France’s controversy over the full-body swimsuit known as the burkini has exposed the country’s battle between its secularist society and its Muslim minority — at 7.5 percent of the population, the largest in Europe. Those tensions, some subtle and some not, have grown in the wake of terrorist attacks in a country that once prided itself on its welcoming attitude toward immigrants.
Far from the beaches, St. Etienne du Rouvray, a small community in the Normandy region of northern France, is still reeling from the murder of an elderly Catholic priest by two Islamic State jihadists in July, and there are fears the rapid growth of the Muslim population will result in a backlash led by the right but quietly supported by secularists on the left.
“It is for sure there will be problems,” said Antoinette Moulin, a parishioner at St. Therese Catholic Church, one of the parishes served by the late Father Jacques Hamel, 86, whose throat was slit in front of churchgoers as he celebrated Mass on July 26. “There is the issue of racism,” she said.
Both the Catholic and the Muslim communities have mobilized since Hamel’s death to defuse tensions and keep alive a spirit of goodwill that marked the relationship from the start.
“It is in our best interest to be together,” said Mohamed Karabila, the imam who heads the mosque next door to St. Therese. After Hamel’s killing, he invited Catholics to visit his mosque during Friday prayers. Catholic priests invited Muslims to attend Mass.
“There are those who are working to divide us, to sow hatred in the community. So we have begun to do acts to counter the discord,” Karabila said.
The murder is testing a relationship that began cordially decades ago, when North African immigrants began to arrive in the area to work for the French national railways’ sprawling rail yard and in factories in nearby Rouen.
St. Therese Church first allowed the Muslim newcomers to use its parish hall for prayers, and then donated part of its churchyard for construction of the community’s first mosque.
“There were people who found it a bit bizarre because the land was given to them for one franc at the time. It was symbolic,” said Moulin. “There were people who said, ‘Oh, now we’re going to have that mosque and there will be all these Arabs here.’”
The mosque, built next door in 2000, has thrived. Turnout is so high for Friday prayers that rugs have to be unrolled outside to accommodate the overflow, and neighbors complain about snarled traffic and illegal parking.
In contrast, fewer than half the pews were filled for a recent Sunday Mass at St. Therese, which like many Catholic parishes across France has seen attendance diminish to a few churchgoers, many of them elderly.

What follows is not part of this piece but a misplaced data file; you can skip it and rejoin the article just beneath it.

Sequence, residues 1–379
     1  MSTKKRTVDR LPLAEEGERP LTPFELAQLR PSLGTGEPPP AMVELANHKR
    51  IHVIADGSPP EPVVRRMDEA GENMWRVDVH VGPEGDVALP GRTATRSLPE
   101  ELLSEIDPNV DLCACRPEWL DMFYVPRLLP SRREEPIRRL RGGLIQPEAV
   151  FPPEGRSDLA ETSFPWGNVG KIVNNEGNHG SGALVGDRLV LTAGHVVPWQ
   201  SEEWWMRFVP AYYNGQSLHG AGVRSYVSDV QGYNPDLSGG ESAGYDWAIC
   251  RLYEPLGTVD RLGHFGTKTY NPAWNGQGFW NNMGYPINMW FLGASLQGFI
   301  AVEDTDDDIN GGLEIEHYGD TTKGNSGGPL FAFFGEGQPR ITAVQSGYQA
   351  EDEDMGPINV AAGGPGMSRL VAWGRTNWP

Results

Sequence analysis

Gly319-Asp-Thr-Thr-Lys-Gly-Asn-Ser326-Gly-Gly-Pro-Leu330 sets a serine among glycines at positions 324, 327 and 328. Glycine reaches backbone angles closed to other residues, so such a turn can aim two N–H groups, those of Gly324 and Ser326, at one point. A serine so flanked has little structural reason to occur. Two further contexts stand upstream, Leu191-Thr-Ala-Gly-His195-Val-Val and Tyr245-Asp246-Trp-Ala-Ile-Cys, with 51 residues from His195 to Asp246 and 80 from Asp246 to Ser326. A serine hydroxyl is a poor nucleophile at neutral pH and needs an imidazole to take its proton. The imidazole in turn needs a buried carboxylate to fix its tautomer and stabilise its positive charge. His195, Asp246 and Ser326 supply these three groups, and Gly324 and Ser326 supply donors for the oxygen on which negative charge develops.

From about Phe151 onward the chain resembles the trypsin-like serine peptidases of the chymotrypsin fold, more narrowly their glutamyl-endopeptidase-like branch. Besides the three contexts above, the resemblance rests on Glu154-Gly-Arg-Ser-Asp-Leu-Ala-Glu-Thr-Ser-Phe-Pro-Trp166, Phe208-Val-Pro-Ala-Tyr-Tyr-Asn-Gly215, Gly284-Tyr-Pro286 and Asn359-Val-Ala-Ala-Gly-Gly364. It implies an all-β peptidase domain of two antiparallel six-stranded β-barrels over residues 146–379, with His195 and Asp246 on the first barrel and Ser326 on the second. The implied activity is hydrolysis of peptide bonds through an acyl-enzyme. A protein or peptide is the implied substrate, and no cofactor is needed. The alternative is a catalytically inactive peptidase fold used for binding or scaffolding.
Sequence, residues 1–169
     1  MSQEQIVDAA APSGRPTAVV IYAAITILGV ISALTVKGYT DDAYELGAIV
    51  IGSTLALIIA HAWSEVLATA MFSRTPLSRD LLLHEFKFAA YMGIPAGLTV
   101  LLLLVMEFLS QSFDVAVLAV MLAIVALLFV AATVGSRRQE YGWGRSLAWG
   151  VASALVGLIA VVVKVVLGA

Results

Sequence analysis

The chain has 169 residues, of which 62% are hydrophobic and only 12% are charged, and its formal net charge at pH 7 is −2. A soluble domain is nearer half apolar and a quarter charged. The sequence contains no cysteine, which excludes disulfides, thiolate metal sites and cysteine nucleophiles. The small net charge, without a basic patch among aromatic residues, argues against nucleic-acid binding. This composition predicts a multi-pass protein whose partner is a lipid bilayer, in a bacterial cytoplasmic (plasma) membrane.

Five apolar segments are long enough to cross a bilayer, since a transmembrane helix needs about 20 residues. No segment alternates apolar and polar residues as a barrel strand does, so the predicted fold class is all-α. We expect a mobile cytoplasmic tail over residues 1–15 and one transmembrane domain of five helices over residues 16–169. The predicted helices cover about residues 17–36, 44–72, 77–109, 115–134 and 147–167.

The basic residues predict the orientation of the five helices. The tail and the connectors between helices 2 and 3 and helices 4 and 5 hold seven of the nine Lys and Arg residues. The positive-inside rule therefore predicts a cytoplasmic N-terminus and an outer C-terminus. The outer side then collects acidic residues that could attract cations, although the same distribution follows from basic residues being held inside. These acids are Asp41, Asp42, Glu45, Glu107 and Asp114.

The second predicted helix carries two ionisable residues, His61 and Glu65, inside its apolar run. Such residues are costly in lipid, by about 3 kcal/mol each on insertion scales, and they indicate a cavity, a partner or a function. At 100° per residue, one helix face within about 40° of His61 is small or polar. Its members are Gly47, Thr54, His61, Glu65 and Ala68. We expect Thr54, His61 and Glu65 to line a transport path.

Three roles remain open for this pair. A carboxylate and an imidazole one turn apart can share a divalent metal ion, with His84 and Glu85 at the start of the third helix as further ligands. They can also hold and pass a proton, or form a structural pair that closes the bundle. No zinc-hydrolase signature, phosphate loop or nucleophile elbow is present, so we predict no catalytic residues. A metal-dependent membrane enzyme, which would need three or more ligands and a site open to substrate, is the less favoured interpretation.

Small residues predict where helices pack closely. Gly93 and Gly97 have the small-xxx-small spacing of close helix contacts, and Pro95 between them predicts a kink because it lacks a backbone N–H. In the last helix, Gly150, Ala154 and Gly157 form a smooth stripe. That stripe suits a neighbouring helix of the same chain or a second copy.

The growth of the area’s Muslim population has caused anxiety that has worsened since Hamel’s murder, the truck attack in Nice that killed 86 people in mid-July, and the deadly shootings and bombings in Paris last November.
“We are aware that people can turn to hatred against non-Christians and the risk is very great that people could hate Muslims because those who carried out these attacks claimed to be acting in the name of Islam,” said Father Auguste Moanda, the pastor at St. Therese and an associate of Hamel.
“It is true that the Catholic Church does not have many followers left, but it is at the heart of the country’s Christian tradition. Attacking the priest was symbolic and meant to push people to act against Islam,” he said. “But the intention failed. On the contrary, we sought to reinforce our brotherhood [with the Muslims].”
There is concern that fears over differences could be eroding the goodwill and giving rise to right-wing, anti-immigrant sentiments.
“The anxiety with which we are living with inevitably every day is because we are entering in France a period of preparation for the presidential elections," said Pierre Belhache, a priest in charge of Muslim relations at the Rouen diocese. "The debates are, let’s say, they are not always peaceful. The invective, the topics are very violent and could injure communities.”
The tensions are largely kept quiet. In Rouen, officials of the right-wing Front National declined comment. Since the attacks, the party’s numbers have gone up in the polls.
At the church where Hamel was killed, some are troubled by the silence.
“There is no great anger that I would notice. There is no movement, no uprising. But people will speak at the ballot box, for sure,” said Florence Giuliani, a local resident who stopped to lay flowers at a shrine outside the St. Etienne church where Hamel was killed.
In St. Etienne’s largely immigrant Chateau Blanc neighborhood, Ahmed Loutfy, owner of a halal grocery, worries.
“Here in France, many people think badly of Islam, and those people will vote for the National Front. It is automatic. It is going to happen, and we are afraid,” he said.
Some are looking with concern to the United States, and the possibility of how victory by Republican presidential candidate Donald Trump would influence French voters.
Gabriel Moba, an immigrant from the Democratic Republic of Congo and town councilor in St. Etienne du Rouvray, sees a clear link: “The French people who are angry, when they see the United States has elected someone with extremist views, they will say, ‘Why not do it over here?’”